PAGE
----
An effort led by Senate Democrats to reverse much of Gov. Sam Brownback’s tax policy failed Thursday afternoon.
The Kansas Senate, on a 30-10 vote, rejected the bill that would have raised taxes and ended an exemption.
But the fight over taxes in Kansas is far from over. The Senate is expected to talk about a tax bill Friday that has already passed the House.
Sen. Tom Holland, a Baldwin City Democrat who brought forth the bill Thursday afternoon, said the Senate plan was the best structural fix for the state’s budget issues.
The state is facing more than $1 billion in shortfalls through the end of fiscal year 2019.
“Our constituents want us to right the fiscal ship now, and today we begin that heavy lifting,” Holland said before the Democrats’ Senate bill failed.
The Democrats’ tax plan would have brought in more than $1.2 billion over the next two fiscal years.
But only one Republican, Sen. Randall Hardy of Salina, joined Democrats to vote for the bill.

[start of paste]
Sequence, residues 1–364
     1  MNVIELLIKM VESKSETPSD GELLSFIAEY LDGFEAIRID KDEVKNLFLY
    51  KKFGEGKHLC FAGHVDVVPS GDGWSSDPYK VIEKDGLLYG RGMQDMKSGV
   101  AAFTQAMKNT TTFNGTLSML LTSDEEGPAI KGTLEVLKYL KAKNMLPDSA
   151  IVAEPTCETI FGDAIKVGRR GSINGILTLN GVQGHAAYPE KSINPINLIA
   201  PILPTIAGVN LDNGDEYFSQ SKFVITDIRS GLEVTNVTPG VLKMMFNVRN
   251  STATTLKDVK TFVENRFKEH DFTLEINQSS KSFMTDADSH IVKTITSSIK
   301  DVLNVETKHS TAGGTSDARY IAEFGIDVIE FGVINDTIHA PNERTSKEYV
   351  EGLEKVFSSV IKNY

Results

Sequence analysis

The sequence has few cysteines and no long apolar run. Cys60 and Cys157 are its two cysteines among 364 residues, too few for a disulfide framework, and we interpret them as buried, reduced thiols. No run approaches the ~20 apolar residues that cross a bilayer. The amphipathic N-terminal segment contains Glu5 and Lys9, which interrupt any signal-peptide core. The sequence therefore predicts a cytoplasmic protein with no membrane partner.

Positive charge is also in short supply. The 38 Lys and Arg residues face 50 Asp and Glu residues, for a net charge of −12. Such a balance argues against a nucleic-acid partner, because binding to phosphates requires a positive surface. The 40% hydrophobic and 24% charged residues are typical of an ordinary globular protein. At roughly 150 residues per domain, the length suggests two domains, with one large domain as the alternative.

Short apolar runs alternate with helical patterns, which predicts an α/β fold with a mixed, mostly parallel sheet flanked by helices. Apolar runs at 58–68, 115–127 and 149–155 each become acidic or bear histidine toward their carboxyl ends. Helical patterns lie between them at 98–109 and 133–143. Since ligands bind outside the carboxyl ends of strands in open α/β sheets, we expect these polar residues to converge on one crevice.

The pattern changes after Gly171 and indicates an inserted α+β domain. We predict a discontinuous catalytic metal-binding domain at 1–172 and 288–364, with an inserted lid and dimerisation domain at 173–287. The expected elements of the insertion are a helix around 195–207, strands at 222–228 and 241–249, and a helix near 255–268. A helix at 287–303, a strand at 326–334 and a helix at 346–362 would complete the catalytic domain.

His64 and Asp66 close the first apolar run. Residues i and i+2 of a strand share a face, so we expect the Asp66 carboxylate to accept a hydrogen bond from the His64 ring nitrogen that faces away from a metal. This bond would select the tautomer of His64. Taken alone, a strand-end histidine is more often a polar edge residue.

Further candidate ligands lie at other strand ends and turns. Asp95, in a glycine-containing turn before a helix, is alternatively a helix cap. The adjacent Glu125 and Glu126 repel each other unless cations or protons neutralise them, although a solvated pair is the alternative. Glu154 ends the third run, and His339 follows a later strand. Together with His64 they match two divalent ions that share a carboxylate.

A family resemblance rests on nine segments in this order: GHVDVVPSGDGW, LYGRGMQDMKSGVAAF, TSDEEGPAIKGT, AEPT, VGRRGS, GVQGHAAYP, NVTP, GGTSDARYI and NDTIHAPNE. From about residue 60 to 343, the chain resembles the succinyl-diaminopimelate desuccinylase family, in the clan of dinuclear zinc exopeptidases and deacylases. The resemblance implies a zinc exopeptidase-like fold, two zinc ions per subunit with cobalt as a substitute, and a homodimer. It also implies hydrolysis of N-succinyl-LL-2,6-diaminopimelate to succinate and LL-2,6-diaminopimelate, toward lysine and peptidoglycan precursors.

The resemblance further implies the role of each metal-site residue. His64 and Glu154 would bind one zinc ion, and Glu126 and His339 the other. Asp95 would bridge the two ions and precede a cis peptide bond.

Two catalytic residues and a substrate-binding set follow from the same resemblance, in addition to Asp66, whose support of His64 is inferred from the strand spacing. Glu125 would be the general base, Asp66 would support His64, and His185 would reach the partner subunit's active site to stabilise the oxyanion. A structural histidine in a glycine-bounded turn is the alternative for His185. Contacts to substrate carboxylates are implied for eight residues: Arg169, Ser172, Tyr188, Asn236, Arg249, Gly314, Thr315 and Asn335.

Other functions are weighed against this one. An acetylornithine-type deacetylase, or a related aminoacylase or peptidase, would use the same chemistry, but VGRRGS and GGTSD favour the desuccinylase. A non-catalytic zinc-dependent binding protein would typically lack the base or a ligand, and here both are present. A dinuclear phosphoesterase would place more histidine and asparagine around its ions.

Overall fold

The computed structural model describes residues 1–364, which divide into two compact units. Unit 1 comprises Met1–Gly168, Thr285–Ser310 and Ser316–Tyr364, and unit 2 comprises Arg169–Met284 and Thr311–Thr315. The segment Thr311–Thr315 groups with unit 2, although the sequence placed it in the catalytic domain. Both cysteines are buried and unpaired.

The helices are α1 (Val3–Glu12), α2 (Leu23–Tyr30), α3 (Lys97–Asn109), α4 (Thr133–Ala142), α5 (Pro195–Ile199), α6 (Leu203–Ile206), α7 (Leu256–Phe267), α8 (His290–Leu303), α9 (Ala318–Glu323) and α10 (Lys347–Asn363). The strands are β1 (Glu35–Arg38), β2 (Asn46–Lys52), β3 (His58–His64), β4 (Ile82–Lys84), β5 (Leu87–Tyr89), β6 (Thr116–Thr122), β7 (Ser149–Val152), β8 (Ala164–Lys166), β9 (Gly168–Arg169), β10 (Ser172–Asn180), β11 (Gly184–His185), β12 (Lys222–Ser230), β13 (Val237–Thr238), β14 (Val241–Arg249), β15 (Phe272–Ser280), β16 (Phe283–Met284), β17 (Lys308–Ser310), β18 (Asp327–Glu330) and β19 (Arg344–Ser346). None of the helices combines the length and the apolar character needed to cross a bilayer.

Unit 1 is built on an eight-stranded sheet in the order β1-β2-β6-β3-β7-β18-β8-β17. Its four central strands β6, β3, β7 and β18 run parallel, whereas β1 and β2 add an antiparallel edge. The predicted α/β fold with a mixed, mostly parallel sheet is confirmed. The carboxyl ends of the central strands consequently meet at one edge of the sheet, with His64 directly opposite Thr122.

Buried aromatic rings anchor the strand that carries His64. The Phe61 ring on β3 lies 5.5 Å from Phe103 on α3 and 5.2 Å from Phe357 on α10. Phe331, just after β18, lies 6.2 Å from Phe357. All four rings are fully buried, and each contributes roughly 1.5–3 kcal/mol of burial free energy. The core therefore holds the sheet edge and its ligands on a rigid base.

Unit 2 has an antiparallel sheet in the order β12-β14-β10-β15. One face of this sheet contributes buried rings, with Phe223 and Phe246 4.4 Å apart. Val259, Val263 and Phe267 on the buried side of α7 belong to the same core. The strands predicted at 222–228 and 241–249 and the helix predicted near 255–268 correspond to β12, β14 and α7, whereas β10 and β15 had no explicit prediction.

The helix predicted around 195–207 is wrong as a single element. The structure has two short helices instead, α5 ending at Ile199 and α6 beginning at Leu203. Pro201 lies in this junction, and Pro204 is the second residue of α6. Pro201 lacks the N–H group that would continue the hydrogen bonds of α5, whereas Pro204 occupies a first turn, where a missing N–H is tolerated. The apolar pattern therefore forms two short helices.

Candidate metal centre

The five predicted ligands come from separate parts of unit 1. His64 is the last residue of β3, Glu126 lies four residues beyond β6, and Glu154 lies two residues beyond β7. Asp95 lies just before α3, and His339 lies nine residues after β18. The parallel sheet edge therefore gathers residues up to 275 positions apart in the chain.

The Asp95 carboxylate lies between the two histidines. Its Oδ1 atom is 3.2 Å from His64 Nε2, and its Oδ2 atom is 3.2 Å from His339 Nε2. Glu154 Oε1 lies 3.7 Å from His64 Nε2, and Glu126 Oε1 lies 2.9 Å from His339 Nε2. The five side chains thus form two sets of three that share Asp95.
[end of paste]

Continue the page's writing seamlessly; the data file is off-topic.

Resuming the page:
The bill passed by the House makes different changes to income tax rates and raises a little over $1 billion over a two-year span.
The Senate legislation that failed Thursday would have brought back a third tax bracket of 6.45 percent. That would have covered single filers who made more than $35,000 and married joint fliers who made more than $70,000.
It also would have ended a tax exemption for roughly 330,000 business owners.
Sen. Dinah Sykes, a Lenexa Republican, said though she didn’t vote for the Democrats’ tax plan on Thursday, she planned to vote for the House measure when it comes to the Senate floor.
“There’s a better chance of the House bill going through,” Sykes said about her vote Thursday afternoon.
Senate President Susan Wagle, a Wichita Republican, said in a statement that the Senate bill went too far.
“While the tax bill debated today in the Senate included some provisions that I’d like to see incorporated in a final tax plan, it reached far too deep into hardworking Kansans’ pockets,” Wagle said. “We must approach our budget holistically — meaning, reducing state spending and avoiding a retroactive income tax increase on Kansans.”